The Never Married: A New Normal
... and the case for never saying "I do."
Posted May 27, 2023 | Reviewed by Lybi Ma
- The marriage rate declined significantly between 1990 and 2021.
- Young adults are taking more time to marry, and cohabitation has become a popular alternative to marriage.
- People may also not want to marry if they have previously felt intensely controlled by others.
Fry and Parker (2021) of the Pew Research Center reported that in 2021, 38 percent of adults were found to be unpartnered, as compared to 29 percent in 1990—statistics driven predominately by a decline in marriage. Indeed, over the past 50 years, the marriage rate has dropped by approximately 60 percent (Pandey, 2023). In 2021, 47.35 million men were never married, as compared to 41.81 million women (Duffin, 2022). And according to data from the Institute for Family Studies, in the last two decades, the number of never-married individuals has risen from 21 percent to 35 percent—a 14 percentage point increase (Wang, 2020).
The Causes of Never Marrying
The reasons for the changes in marital status are many according to Wang (2020):
- Young adults are taking more time to marry; the median age for first-time marriages is 28 for women and 30 for men. In 1970 both men and women married in their early 20s.
- Cohabitation has become a popular alternative; living together is a less complicated relationship model that comes with an easy escape hatch (compared with marriage) if the relationship fails.
- Lower-income individuals are now less likely to marry; starting a family is an expensive proposition and many Americans feel that it would be far too stressful to marry or start a family without financial security.
- Women prefer a man who is financially stable; when unemployment rates rise, the number of eligible men shrinks.
Several emotionally driven factors can also explain why people never marry. But the one all-encompassing reason that I see in my clinical practice is the need for control. Viorst (1998) defined control as: “The capacity to manage, dominate, exercise power over, influence, curb, suppress, or restrain” (P. 9). The never-married individuals that I have treated all seem to share stories about being controlled in a way that has left them adamant about never committing to anyone. And like most concepts, this behavior ranges on a continuum from never having a relationship with someone even if short-lived, to never marrying.
The Origin of Control
Most individuals who crave control report having experienced at least one very controlling or dominating parent; the kind of parent who has a “my way or the highway” approach. The intrusive, overbearing, infantilizing, or micromanaging parent may also be a causal factor. Other never marrieds have reported incompetent parents who have repeatedly produced chaos such as out-of-control spending leading to bankruptcy and loss. Parents with addictive behaviors are often out-of-control, frequently passing the anxiety-producing chaos onto their children.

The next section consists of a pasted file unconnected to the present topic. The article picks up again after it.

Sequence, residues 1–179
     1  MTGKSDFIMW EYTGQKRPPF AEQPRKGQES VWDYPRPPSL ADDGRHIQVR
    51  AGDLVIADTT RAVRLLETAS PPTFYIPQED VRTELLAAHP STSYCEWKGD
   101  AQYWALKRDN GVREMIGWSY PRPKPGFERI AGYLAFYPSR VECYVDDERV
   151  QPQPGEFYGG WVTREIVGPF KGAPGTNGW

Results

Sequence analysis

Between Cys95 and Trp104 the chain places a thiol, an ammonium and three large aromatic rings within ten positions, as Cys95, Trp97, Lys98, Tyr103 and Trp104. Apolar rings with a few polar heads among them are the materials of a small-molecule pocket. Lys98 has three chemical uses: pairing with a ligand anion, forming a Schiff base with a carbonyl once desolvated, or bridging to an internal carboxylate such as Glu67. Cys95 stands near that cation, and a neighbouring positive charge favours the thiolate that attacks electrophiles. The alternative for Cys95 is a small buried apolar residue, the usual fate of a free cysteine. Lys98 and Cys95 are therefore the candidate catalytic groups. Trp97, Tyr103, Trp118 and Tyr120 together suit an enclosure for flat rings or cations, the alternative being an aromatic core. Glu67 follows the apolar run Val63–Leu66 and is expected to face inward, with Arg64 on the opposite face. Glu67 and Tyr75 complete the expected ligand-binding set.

Others who never married may have been controlled “outside” their family of origin. For example, one woman was raped at a fraternity party and swore that she would never allow herself to get close enough to anybody again. Another man’s girlfriend left him at the altar and he made a promise to himself that he would never be that vulnerable again.
A Case to Never Marry
Many of the never married that I have treated are doing just fine, regardless of where they are on the continuum. If they have friends and family and are not in a chronic state of loneliness, I see no reason to assume pathology. We would all like as much control over our world as possible. Some just happen to be more willing to go after it than others. Many of the never married that I have seen are “free.” Nobody tells them what to do (other than a boss), and they rarely experience the feeling of being “trapped.” They buy what they want whenever they want and take up hobbies when it pleases them. They also tend to hang out with like-minded individuals (never married or single people) who they can enjoy life with.
Do they at times get lonely? Yes. But not enough to take the chance of marrying. If they have sufficient resources, and most of the ones I see are financially independent, they are relatively content. In fact, most never-married individuals come to see me for help dealing with parents or family members who insist that they live a more conventional lifestyle, not because they are unhappy with their choice of marital status; a lot of married people cannot say the same.
Facebook image: Asier Romero/Shutterstock
Duffin, E. (2022). Marital status of the U.S. population 2021, by sex. Statista. Retrieved fromhttps://www.statista.com/statistics/242030/marital-status-of-the-us-pop…
Fry, R., & Parker, K. (2021). Rising share of U.S. adults are living without a spouse or partner. Pew Research Center.
Pandey, E. (2023). America, the single. AXIOS.
Viorst, J. (1998). Imperfect control. Free Press.
Wang, W. (2020). The share of never-married Americans has reached a new high. Institute for Family Studies.